Kusasalethu safety concerns – NUM


Health and safety standards at Harmony Gold’s Kusasalethu gold mine are “very questionable”, the National Union of Mineworkers said on Monday.

“As a union, we are deeply concerned about the trend that continues to threaten the lives of many workers in Harmony operations,” NUM national health and safety secretary Erick Gcilitshana said in a statement.

“We call upon this mining house to pull up its socks and improve its health and safety system to prevent re-occurrence of these fires or these operations are heading to a disaster.”

Gcilitshana was responding to the rescue of 486 workers brought to surface safely on Sunday after an underground fire.

Company spokeswoman Charmane Russell said she would respond to NUM’s statement later on Monday.

In February 2014 eight people died in an underground fire at the company’s Doornkop mine.

“Once again we call upon the DMR (department of mineral resources) inspectorate to quickly investigate the source of this fire and other contributing factors,” Gcilitshana said.

“The workers must be united in dealing with their health and safety in the mining industry and use their hard-won worker rights that NUM fought for to be legislated.”

However, trade union Solidarity commended Harmony for swiftly ensuring the safety of mineworkers.

“The successful rescue operation sets a good example to the rest of the industry of how emergency situations should be responded to,” Solidarity’s occupational health and safety division head Paul Mardon said in a statement.

“The incident once again highlights the importance of mine safety as well.”

Mardon said in light of the successful rescue effort that mine safety had improved significantly over the past 12 years.

The improvement could be attributed to the commitment of employers, organised labour and government, who had been joining forces since 2003 to improve the quality of occupational health and safety, he said.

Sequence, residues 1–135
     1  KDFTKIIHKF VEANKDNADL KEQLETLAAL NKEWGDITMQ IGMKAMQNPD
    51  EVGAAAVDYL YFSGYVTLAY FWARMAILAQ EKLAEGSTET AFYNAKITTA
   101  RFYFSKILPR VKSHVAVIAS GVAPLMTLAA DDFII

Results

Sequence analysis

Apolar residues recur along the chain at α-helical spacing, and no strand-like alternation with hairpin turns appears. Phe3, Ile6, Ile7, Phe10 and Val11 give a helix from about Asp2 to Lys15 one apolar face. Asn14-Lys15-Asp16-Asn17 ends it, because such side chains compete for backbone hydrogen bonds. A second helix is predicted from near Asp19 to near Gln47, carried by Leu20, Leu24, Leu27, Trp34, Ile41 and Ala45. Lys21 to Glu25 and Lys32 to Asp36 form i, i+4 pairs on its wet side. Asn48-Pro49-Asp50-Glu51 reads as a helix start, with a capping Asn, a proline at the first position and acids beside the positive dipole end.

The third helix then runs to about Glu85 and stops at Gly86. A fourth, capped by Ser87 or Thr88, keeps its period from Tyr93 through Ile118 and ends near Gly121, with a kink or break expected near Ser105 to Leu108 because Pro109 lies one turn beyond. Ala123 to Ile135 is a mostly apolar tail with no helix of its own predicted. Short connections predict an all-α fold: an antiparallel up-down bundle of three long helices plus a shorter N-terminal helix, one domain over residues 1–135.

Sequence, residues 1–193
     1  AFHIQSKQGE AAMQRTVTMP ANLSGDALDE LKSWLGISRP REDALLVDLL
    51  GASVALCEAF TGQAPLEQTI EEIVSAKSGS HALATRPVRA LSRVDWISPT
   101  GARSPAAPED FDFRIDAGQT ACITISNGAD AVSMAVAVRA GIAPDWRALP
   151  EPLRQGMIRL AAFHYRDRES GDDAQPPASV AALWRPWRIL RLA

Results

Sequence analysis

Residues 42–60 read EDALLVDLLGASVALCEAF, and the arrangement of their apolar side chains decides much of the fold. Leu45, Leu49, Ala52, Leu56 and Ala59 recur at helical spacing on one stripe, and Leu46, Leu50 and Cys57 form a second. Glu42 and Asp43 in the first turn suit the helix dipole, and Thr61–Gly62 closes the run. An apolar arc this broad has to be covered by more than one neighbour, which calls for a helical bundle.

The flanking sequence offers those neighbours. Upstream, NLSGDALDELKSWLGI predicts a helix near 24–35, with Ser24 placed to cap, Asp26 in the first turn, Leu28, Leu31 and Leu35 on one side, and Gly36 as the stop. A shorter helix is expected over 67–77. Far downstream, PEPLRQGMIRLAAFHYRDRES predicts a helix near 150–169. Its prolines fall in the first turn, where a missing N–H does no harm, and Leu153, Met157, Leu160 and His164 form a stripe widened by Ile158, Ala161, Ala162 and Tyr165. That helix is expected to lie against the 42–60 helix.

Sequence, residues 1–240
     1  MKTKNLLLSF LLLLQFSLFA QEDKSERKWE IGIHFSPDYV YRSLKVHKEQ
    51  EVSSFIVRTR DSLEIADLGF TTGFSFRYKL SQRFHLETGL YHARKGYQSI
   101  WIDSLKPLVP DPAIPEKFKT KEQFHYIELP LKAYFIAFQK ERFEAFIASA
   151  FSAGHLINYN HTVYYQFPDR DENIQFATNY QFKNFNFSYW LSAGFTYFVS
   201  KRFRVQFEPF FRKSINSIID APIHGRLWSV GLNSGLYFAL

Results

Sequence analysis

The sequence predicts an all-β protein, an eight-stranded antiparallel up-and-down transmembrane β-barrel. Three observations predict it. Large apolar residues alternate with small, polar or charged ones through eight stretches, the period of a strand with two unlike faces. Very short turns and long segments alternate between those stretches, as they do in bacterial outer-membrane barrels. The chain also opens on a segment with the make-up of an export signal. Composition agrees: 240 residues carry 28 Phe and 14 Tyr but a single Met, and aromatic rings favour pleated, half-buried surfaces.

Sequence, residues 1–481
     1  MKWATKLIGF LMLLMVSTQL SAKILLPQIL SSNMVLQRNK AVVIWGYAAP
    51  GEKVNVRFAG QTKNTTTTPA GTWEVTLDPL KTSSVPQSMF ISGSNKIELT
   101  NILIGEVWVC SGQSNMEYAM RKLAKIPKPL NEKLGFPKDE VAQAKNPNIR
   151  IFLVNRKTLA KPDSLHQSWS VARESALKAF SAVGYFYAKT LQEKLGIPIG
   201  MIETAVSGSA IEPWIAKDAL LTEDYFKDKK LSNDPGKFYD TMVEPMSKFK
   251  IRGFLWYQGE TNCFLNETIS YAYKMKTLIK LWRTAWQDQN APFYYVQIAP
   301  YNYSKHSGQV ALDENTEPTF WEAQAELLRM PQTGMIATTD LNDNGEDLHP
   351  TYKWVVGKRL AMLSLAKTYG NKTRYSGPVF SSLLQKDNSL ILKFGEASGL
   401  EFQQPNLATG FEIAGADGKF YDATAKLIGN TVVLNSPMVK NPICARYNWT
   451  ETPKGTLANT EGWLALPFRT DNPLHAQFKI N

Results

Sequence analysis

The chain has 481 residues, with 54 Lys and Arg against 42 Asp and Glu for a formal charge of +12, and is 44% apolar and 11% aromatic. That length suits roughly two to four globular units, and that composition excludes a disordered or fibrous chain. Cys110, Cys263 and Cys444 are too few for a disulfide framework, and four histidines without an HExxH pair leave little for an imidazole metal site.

“Although significant progress has been made in respect of health and safety in South African mines, there is still a lot of room for improvement.

“The mining industry is and will always be dangerous and is faced with numerous challenges. These challenges include, among other things, illegal mining and inadequate training of health and safety representatives.”

Harmony said on Monday that all operations were temporarily suspended after the fire. Russell said a joint investigation by the mine and the DMR had started.

“Employees do have access to counselling after a situation like this. Everyone was evacuated on Sunday and no injuries were reported.”

All 486 employees underground at the time were brought to the surface safely.

“We are extremely grateful that all of our colleagues have been brought to surface, without injury,” CEO Graham Briggs said in a statement on Sunday.

“This is to the credit of our systems, employees, the unions, and mine management who have worked tirelessly over the past 12 hours.”

All workers would be sent for observation to make sure they were physically healthy.

The fire started on the mine’s 75 level, approximately 2300m below surface, around 9.40am on Sunday. It had since been contained.

Some of the miners used refuge bays which had fresh air, water and telephone communication to surface. The fire was believed to have started during maintenance work on a bulk air cooler.

Article provided with the kind courtesy of www.citizen.co.za

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